Bosses at Faroe Petroleum urged investors to snub a hostile takeover offer from Norwegian oil firm DNO and hold onto their shares.
Aberdeen-headquartered Faroe said the unsolicited, £444m bid was “opportunistic and substantially undervalued” Faroe.
The London-listed firm encouraged shareholders to take no action.
The offer of £1.52 per share represents a premium of 20.8% on Faroe’s closing price of £1.25 in London on Friday.
The proposal from DNO, which already owns about 28% of Faroe, values the company at more than £600m.
Faroe said the offer was well below the average premium on all UK takeovers over the last 10 years of 43%.
Company bosses also accused DNO of failing to recognise Faroe’s “exciting prospects”.
The company recently said it expected to achieve average production of 12,000-14,000 barrels of oil equivalent (boe) per day for the full-year 2018.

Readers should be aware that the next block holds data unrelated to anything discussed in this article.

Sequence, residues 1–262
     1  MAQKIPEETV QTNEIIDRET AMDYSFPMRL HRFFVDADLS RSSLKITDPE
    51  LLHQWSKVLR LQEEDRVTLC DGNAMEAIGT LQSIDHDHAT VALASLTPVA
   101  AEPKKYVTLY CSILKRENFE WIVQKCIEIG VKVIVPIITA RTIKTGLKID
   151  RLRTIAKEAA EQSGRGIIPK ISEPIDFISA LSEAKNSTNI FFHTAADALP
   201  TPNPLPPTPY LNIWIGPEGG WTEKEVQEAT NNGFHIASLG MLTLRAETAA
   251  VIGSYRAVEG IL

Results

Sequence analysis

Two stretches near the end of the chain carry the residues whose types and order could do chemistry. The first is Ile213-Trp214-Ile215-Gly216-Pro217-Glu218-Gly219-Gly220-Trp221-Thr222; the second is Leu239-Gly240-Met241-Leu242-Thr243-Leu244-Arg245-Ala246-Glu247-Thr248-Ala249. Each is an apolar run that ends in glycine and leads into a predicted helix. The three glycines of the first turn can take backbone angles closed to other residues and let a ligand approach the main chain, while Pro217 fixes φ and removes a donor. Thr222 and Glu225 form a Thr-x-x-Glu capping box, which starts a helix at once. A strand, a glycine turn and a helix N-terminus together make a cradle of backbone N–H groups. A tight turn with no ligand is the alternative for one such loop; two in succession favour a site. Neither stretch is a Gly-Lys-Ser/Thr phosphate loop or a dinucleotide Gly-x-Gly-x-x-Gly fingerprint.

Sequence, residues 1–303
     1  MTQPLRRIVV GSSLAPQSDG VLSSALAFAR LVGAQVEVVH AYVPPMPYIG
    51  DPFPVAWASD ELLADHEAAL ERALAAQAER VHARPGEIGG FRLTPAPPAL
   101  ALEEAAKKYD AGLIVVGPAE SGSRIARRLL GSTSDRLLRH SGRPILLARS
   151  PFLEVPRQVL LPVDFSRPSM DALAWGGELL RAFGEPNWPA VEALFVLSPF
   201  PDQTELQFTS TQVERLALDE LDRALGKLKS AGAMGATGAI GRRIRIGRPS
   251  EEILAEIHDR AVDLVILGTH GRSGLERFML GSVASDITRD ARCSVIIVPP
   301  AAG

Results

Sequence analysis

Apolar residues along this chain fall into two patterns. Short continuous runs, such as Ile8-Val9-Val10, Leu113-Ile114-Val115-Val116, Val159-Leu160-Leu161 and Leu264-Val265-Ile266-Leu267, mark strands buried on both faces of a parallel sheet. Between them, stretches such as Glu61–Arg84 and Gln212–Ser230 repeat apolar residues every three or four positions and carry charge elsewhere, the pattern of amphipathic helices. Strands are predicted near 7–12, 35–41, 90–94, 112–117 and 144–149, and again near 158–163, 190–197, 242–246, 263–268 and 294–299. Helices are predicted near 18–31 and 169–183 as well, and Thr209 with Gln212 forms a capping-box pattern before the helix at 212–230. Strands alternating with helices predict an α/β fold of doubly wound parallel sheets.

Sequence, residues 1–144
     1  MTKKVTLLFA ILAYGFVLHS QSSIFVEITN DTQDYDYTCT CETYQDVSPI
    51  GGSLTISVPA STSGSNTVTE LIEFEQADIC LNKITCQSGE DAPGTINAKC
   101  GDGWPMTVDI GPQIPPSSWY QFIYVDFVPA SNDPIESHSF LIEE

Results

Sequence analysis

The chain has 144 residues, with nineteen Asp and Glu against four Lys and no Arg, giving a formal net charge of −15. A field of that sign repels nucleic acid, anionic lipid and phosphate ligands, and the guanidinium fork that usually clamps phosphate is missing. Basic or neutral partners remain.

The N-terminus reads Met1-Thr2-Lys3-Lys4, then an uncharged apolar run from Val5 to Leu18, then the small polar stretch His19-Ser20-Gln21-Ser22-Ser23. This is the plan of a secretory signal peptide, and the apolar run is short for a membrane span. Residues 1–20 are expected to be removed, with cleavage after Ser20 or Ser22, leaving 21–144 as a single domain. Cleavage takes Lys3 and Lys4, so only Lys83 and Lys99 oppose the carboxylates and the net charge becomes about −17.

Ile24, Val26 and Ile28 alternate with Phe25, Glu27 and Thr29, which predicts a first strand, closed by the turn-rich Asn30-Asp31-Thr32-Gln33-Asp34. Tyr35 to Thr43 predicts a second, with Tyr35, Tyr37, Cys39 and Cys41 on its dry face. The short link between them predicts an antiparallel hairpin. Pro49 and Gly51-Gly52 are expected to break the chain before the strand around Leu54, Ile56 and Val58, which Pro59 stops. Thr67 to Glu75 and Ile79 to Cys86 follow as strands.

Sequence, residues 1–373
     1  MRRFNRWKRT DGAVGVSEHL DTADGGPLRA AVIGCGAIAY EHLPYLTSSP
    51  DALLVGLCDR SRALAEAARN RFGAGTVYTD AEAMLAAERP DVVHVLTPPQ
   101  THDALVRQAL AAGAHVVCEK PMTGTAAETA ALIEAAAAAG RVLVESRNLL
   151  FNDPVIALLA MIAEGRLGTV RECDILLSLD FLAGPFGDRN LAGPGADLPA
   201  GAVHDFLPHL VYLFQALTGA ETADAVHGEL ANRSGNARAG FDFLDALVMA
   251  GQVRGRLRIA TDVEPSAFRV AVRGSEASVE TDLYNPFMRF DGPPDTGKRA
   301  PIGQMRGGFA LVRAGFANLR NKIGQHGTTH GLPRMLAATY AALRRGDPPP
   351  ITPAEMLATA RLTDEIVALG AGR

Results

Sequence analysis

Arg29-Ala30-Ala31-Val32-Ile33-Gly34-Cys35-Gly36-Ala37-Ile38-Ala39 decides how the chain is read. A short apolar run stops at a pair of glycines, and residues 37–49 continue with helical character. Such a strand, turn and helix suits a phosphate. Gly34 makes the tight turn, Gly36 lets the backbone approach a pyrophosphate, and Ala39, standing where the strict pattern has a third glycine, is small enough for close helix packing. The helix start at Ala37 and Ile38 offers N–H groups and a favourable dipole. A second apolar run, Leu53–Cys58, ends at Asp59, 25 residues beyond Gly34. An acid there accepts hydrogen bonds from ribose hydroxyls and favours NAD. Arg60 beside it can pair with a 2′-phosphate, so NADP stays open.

Its medium-term organic growth target is to reach 35,000 boe per day.
It was a partner in the recent discovery at the Agar-Plantain well, operated by Azinor Catalyst, 200 miles north-east of Aberdeen.
The Iris-Hades discovery offshore Norway in April was the largest discovery it has been involved in to date, adding 42m boe net to Faroe.
John Bentley, non-executive chairman at Faroe, said: “DNO’s offer substantially undervalues Faroe on every applicable metric.
“The board is determined to defend our shareholders’ rights to receive an appropriate premium for a fully funded business which is actively progressing the delivery of its highly attractive growth prospects and is the only platform available which solves DNO’s strategic challenges.
“We believe that Faroe is worth substantially more than £1.52 per share and we urge shareholders to reject DNO’s opportunistic, unsolicited and inadequate offer.”